SLEEPY HOLLOW, NY (December 2013) – First Niagara Foundation is helping bring history to life for some 20,000 schoolchildren, many from underserved communities. Each year, thousands of children visit Historic Hudson Valley’s (HHV) National Historic Landmark sites to participate in hands-on, curriculum-based workshops. As the first corporate sponsor of these school programs, First Niagara today presented HHV with a $20,000 grant to help support education at Philipsburg Manor and Van Cortlandt Manor.
“First Niagara is proud to support programs such as this that foster youth education about an important part of our region’s history,” said Cathie A. Schaffer, Regional President for First Niagara’s newly formed Tri-State Region. “The Historic Hudson Valley National Historic Landmarks are near and dear to the hearts of Hudson Valley residents, and today we were able to teach these young children about the importance of history and culture.”
“Our educational programs are the bedrock of our mission,” said Historic Hudson Valley President Waddell W. Stillman. “The generous support of partners like First Niagara helps ensure our ability to serve thousands of schoolchildren each year.”
On Monday morning, Schaffer joined 70 fourth-graders from Croton-on-Hudson at Philipsburg Manor, an 18th-century provisioning plantation in Sleepy Hollow, for Millers and Merchants, one of the educational programs supported by the grant. The program focuses on the interconnected roles of the enslaved Africans, Anglo-Dutch landowners, and tenant farmers who lived and worked within the colonial economic system. Students visit the historic site’s farm, mill, activity center, and manor house where they participate in an interactive lesson that teaches them about Philipsburg Manor’s role in the developing world of international trade.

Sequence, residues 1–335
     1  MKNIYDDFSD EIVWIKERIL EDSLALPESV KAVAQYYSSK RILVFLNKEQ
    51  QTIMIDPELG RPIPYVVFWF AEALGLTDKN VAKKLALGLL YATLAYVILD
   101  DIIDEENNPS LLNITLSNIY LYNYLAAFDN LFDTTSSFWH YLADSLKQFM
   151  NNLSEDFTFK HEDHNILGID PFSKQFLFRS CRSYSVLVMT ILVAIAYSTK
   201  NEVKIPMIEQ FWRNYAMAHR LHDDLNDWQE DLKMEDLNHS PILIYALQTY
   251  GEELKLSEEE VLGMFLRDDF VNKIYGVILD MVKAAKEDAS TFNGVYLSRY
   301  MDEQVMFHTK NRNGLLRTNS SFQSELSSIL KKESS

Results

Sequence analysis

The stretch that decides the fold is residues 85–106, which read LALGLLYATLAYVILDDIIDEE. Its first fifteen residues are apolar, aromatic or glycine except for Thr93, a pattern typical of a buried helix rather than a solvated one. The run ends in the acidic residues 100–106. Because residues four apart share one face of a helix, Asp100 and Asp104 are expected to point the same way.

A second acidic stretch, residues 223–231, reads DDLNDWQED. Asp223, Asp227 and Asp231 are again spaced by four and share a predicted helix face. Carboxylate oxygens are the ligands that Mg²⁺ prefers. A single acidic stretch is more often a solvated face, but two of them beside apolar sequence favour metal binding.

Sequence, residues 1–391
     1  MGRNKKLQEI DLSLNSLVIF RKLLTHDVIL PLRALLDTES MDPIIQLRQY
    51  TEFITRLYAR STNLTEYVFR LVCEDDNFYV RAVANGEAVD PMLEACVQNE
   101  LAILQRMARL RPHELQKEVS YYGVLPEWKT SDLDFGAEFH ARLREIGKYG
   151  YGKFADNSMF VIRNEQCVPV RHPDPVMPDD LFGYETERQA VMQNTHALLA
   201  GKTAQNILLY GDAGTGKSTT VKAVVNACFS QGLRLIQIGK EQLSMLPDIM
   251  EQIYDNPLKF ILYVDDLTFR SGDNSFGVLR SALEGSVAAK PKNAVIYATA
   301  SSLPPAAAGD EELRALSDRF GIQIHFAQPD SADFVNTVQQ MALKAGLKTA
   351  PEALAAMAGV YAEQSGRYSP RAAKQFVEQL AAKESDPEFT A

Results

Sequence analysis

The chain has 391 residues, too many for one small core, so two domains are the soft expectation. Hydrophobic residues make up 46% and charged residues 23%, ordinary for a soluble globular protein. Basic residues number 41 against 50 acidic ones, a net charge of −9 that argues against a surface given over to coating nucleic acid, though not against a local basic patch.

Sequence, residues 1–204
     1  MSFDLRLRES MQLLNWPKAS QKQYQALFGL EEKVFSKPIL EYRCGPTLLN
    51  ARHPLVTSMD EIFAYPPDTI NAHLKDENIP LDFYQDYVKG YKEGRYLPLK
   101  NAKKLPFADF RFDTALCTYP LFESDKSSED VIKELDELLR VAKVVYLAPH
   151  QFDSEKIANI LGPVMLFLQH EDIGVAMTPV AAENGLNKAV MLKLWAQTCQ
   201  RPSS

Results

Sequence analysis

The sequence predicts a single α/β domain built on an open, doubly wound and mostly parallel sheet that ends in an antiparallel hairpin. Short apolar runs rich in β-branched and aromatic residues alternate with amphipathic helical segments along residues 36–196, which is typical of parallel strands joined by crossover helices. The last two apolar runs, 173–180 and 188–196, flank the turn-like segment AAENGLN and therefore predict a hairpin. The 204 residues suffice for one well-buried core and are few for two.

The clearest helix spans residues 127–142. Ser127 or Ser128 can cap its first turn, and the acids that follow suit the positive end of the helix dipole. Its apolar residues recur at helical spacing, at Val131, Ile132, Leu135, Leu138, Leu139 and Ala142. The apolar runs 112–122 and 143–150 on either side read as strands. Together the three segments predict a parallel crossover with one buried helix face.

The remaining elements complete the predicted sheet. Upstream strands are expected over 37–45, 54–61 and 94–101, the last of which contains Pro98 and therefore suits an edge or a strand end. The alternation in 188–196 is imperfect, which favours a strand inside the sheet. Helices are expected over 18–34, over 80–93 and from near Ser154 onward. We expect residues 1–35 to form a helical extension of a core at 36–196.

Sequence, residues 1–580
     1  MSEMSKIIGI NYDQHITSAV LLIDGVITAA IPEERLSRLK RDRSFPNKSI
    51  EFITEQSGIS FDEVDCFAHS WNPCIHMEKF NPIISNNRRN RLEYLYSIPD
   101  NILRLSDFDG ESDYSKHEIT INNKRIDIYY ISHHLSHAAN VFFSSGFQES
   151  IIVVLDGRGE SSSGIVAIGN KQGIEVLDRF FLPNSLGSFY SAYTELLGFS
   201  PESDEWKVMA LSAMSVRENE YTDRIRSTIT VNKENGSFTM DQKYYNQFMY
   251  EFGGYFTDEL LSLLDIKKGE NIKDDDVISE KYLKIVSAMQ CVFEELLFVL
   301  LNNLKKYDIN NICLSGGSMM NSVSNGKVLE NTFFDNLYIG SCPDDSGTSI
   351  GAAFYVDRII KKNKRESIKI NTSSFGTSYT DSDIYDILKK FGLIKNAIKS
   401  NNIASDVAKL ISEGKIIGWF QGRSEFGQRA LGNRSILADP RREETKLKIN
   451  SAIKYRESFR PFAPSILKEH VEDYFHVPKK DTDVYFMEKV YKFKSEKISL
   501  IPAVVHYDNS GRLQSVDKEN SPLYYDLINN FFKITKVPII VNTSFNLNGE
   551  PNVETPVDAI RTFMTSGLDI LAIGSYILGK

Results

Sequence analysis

Curriculum-based programs for K-12 students with titles like Touching the Past, Millers and Merchants, and Hard Work and Hand Work are designed to meet state learning standards. At Philipsburg Manor the educational focus is the history of slavery, commerce, and cultural pluralism. Lessons are illuminated by historical background that offers a window into the lives of enslaved Africans and tenant farmers of diverse European backgrounds who operated the site. At Van Cortlandt Manor in Croton-on-Hudson, students explore the lives of a prominent Dutch patriot family, as well as their slaves and paid servants, in the years following the American Revolution.
At each site, Historic Hudson Valley’s educational programs are characterized by small-group, hands-on learning involving craft activities and historic “tasks,” the examination of reproduction objects and documents, and participation in traditional leisure-time activities.
About First Niagara
First Niagara, through its wholly owned subsidiary, First Niagara Bank, N.A., is a multi-state community-oriented bank with approximately 420 branches, approximately $37 billion in assets, $27 billion in deposits, and approximately 6,000 employees providing financial services to individuals, families, and businesses across New York, Pennsylvania, Connecticut, and Massachusetts. For more information, visit www.firstniagara.com.
First Niagara Foundation is a not for profit corporation founded in 1998. The Foundation is committed to supporting organizations in the communities in which we live and work with specific focus on youth and education, community development and neighborhood revitalization. In 2012 the Foundation contributed more than $10 million in charitable grants to community partners.
About Historic Hudson Valley
Known for its educational programs and events like the Great Jack O’Lantern Blaze, Historic Hudson Valley is a collection of National Historic Landmarks that serve as distinct, robust platforms for fulfilling the organization’s mission of celebrating the region’s significant history, architecture, and culture. For more information, visit www.hudsonvalley.org.